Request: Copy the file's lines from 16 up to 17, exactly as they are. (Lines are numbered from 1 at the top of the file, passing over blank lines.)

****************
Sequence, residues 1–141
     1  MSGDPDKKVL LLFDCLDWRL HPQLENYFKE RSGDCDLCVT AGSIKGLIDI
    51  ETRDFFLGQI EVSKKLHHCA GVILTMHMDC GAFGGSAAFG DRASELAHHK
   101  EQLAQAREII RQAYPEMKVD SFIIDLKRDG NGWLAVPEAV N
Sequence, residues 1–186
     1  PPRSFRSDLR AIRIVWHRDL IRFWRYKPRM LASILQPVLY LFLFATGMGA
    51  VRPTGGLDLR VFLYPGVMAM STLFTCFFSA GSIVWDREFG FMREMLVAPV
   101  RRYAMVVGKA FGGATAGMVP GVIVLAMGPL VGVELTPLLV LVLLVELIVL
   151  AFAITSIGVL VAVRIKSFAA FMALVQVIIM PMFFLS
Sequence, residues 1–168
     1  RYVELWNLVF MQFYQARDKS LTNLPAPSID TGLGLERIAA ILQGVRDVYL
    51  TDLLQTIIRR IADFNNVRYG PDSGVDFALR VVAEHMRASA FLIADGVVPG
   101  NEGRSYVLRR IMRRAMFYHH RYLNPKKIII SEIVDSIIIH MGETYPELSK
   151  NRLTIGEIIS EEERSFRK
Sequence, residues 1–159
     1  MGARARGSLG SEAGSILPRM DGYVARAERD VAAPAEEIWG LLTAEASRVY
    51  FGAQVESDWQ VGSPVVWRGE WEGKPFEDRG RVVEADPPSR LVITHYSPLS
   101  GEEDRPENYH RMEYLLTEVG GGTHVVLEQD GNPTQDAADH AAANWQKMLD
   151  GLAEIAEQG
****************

     1  MGARARGSLG SEAGSILPRM DGYVARAERD VAAPAEEIWG LLTAEASRVY
    51  FGAQVESDWQ VGSPVVWRGE WEGKPFEDRG RVVEADPPSR LVITHYSPLS